There are diminishing returns to simply collecting data, says University of Florida professor Daniel Sokol. “It’s not how much data you have, it’s what you do with the data where there seem to be diminishing returns on data size, and we’ve seen that, in terms of companies that have lots of data don’t use most of it.”
Data is generated in myriad ways, many of which could produce information more actionable than that produced by, for example, Google Search, write Nick Dadson, Iain Snoddy and Joshua White of the Analysis Group. “In addition to the current alternatives to Google Search, potential alternatives may be developed. Innovative companies often find novel ways to use existing data differently or to obtain data from different sources to compete. For example, while a manufacturer of smart refrigerators may use its data to predict individuals’ dietary habits, a supermarket may try to do the same through an analysis of credit card traces.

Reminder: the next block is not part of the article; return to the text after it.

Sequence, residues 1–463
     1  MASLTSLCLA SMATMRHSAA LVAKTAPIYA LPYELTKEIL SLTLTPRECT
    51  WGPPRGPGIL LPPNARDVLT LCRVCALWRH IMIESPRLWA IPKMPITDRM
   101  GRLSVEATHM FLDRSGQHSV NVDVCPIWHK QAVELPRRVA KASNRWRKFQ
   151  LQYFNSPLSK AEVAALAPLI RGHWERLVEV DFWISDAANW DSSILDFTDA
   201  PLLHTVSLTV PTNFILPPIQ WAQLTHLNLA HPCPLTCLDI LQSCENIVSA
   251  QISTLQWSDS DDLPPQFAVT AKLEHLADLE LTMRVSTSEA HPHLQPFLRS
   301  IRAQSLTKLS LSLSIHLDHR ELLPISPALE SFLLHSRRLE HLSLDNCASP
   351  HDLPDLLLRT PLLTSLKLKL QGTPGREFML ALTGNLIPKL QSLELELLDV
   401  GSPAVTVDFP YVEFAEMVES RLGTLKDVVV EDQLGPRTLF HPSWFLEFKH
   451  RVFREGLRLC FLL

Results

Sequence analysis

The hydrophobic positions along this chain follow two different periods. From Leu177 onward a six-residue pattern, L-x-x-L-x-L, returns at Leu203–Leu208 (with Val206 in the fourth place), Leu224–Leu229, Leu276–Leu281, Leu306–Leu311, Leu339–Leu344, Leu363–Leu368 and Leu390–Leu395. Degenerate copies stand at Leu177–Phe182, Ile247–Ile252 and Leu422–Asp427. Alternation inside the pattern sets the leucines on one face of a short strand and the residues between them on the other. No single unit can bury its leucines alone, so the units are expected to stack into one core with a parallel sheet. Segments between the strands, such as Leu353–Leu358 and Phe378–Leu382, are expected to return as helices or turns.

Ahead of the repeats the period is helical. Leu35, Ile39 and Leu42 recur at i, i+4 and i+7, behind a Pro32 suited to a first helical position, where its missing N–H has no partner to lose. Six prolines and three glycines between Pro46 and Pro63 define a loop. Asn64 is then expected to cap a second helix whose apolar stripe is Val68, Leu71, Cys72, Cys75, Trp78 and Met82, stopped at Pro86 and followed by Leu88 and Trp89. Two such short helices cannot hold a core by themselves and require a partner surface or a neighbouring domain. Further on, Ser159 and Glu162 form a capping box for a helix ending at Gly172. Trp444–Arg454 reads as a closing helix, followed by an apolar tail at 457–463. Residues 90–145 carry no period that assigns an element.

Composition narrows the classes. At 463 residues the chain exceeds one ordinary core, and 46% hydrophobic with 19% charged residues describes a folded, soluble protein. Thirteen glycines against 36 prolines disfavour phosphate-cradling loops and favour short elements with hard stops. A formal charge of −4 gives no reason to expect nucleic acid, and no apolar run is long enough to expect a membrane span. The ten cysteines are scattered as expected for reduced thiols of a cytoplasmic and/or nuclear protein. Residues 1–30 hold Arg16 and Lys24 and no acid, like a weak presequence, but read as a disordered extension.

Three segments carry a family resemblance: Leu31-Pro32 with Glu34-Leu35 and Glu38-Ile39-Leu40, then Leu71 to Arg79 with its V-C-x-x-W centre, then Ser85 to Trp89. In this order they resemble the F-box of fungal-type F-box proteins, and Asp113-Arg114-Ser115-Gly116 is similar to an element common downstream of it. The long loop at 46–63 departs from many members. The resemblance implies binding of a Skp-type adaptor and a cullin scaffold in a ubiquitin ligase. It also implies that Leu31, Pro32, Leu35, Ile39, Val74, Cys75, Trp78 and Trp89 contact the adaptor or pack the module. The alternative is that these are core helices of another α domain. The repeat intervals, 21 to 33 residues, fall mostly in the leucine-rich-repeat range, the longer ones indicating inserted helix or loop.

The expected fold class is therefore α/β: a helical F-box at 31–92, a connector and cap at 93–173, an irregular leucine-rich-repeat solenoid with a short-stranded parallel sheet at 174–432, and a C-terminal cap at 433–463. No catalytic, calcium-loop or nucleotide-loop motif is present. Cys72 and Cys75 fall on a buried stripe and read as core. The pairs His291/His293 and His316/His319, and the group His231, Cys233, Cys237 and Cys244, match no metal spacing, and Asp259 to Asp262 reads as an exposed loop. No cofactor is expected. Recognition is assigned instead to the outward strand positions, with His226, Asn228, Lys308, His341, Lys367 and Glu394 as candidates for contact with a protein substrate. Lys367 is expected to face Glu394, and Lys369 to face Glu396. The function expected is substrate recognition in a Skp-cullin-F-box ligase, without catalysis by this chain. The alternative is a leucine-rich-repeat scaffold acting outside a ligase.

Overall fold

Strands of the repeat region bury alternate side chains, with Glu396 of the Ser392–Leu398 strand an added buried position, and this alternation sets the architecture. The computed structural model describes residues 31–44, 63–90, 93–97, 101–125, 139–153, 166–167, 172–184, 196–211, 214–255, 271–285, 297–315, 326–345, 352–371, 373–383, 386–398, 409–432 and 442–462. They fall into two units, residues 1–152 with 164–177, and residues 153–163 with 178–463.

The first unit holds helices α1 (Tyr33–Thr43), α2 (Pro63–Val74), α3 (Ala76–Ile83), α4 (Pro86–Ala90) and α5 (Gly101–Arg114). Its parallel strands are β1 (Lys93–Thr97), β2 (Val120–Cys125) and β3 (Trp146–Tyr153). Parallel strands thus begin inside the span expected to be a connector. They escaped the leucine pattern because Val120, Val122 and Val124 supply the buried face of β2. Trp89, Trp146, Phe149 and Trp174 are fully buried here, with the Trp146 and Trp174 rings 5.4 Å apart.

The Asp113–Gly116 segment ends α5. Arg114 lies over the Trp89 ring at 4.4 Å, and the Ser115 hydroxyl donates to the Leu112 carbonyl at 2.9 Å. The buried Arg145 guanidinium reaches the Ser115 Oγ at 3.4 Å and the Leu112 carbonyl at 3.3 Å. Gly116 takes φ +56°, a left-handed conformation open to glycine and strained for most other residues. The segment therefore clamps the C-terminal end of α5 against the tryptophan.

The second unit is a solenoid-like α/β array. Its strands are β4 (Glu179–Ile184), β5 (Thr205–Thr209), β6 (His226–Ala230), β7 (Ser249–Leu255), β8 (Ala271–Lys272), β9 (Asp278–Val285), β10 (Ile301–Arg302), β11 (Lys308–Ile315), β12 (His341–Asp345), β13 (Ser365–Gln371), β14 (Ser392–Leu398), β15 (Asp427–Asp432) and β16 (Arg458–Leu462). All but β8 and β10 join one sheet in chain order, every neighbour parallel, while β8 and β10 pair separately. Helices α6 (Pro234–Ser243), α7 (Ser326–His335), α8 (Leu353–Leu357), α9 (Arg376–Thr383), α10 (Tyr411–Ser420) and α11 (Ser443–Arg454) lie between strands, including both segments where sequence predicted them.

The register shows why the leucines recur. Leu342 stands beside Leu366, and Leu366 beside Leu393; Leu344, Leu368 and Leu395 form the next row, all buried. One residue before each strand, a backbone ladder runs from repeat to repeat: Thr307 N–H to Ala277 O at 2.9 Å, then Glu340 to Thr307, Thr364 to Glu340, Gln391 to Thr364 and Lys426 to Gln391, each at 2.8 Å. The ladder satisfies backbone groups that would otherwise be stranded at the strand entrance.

Access to data is becoming increasingly democratized: the Common Crawl project, for example, contains petabytes of web-scraping data collected since 2008, which can be accessed for free.
Data is used broadly across the retail industry.
Using data to improve sales and customer experience has been a common practice in retail for decades, writes tech analyst Benedict Evans. “Amazon knows what you search for, but Safeway can put milk at the back of the store and candy next to the till. Amazon uses placement to steer purchasing, yes, and so do all retailers. Amazon uses data, yes, and so do all retailers – Walmart bought its first computers in the 1960s, and Tesco owns the leading loyalty card business. Retailers do, in fact, know what they sell. And no, Amazon does not have a different kind of scale.”
It is “common practice” for retailers to use data, and they’ve been doing so since the early 1900s, writes Alec Stapp. “It is common practice for retailers, including grocery stores and department stores, to use data to develop their own store brands to directly compete with name brand products. As Benedict Evans, an independent analyst, put it in reaction to the story, ‘It can be pretty entertaining to watch critics of Amazon discover ‘retail.’ The practice of using information about which products are selling well to develop private label goods is nearly as old as the retail industry itself. Sears launched its catalogue business in 1888. By 1927, the retailer was selling its own tools and appliances under the Craftsman and Kenmore in-house brands.”